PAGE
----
The Kitschies: 2010 Red Tentacle Winner
SFX Weekender, Year 2

The Repairer of Reputations: Police!!! by Robert Chambers

Big Fish Police!!! (1915) is a collection of romantic comedies with a vaguely cryptozoological theme. Each story features a young hero out to scrounge up a new discovery and/or get laid. Or the 1915 version of "laid", which involves swooning, smooching (implied) and marriage (explicit). 

Ten years earlier, Mr. Chambers wrote one of his best works - In Search of the Unknown (1904) - a classic of the Weird that combines macabre humor with genuine scientific curiosity. Halfway between H.R. Haggard and Dorothy Parker, Unknown collects the adventures of a single man (in both senses of the term) as he wrestles dinosaurs and women alike.

That book is, rather unfairly, long-forgotten: partially because it is too light-hearted for most Weird devotees but mostly because no one (else) bothers to wade through Mr. Chambers' 800 volumes of syrupy poo. 

Police!!! is a putative sequel and is remarkably inferior in almost every way. It is, in fact, syrupy poo.

As a short story collection, rather than a single (slightly fragmented) narrative, Police!!! quickly defines itself as formulaic, repetitive, and dull. Each tale follows an identical structure: scientist goes on mission, scientist finds girl, scientist finds monster, scientist loses monster, scientist loses girl. What a lark!

Most of the stories then end with some variation of "It was ok that my career was crushed and the love of my life eloped with my workmate... there's a hot typist at my new job". Although it reminds us not to take anything too seriously, this punchline gets old very quickly.

Mammoth Geyser Even the cryptozoology - one of the delights in Unknown - is somewhat watered down. Whilst the 1904 collection gives us dinosaurs (repeatedly) and lizard-men, Police!!! treats the readers to really big trout and scantily-clad cavegirls. And it isn't just about the monsters - Mr. Chambers does chuck in the occasional 3-eyed swamp-person - it is about the balance of the Weird and the Goofy. Unknown manages to make bedfellows of the romantic and the supernatural (or hyper-natural). Police!!! does not. When it comes down to it, Police!!! is like hearing one's senile great-uncle combine a fishing story with how he met his future bride. (And then winking inappropriately at the end.)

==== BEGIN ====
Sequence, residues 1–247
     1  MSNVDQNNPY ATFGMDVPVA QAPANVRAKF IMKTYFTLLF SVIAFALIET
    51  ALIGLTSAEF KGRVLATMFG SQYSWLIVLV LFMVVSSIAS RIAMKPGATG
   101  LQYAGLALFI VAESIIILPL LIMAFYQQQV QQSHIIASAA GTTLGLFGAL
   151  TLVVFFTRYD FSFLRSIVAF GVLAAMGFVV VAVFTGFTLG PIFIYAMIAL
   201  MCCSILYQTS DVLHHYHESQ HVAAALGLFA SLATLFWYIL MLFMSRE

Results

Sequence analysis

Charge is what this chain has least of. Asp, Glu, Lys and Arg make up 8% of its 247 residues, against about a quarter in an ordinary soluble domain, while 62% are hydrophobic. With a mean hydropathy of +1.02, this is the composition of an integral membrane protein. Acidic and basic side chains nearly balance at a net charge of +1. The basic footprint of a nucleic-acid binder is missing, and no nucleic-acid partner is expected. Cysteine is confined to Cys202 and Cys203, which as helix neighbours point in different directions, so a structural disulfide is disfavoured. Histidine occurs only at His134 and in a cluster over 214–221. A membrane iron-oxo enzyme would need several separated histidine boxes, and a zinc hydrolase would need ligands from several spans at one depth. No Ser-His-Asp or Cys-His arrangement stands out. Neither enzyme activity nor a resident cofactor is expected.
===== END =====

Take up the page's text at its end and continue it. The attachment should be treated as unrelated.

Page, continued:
When Mr. Chambers focuses his humor in other areas, Police!!! somewhat redeems itself. The final story, "The Eggs of the Silver Moon" is something of a mystery - two competing professors each trying to hatch the best butterfly for an exhibit. The protagonist is the (slightly whiny) administrator caught in-between them. The pompous combatants steal the show (and the butterflies), goofily hatching plot after plot against one another. Imagine a Tom & Jerry cartoon as written by your grandmother (if she had a serious thing for Lepidoptera).

Mr. Chambers' merciless portrayal of the bombastic, chauvinistic clutch of professors in "One Over" also merits a few giggles. Whilst scheming against their new (female) leader, the professors pound the table, drink too much, fall asleep, yell in German and generally make asses of themselves. It is a fun little scene - albeit one ruined by the ceaseless slapstick of the "adventure" that follows.

Like The Slayer of Souls, Police!!! is a particularly gutting failure because it involves Mr. Chambers returning to the heartland of his excellence. Nature + romance + the Weird + a bit of sarcastic comedy. This should equal a success. But, unfortunately, it feels more like a late-game punt - a lazy collection of soulless shorts that needn't have been collected. Like most of his work so far - even the largest disappointments - it displays flashes of excellence. However, in the case of Police!!! those are very few and far-between.

[Editor's Note: You can read the entire text of Police!!! - with the original illustrations - at Project Gutenberg. Nothing quite captures the essence of this book like the oil painting of a couple cuddling whilst watching an eruption of oversized trout.] 

[The Repairer of Reputations is our extended attempt to redeem the forgotten & derided works of Robert W. Chambers.]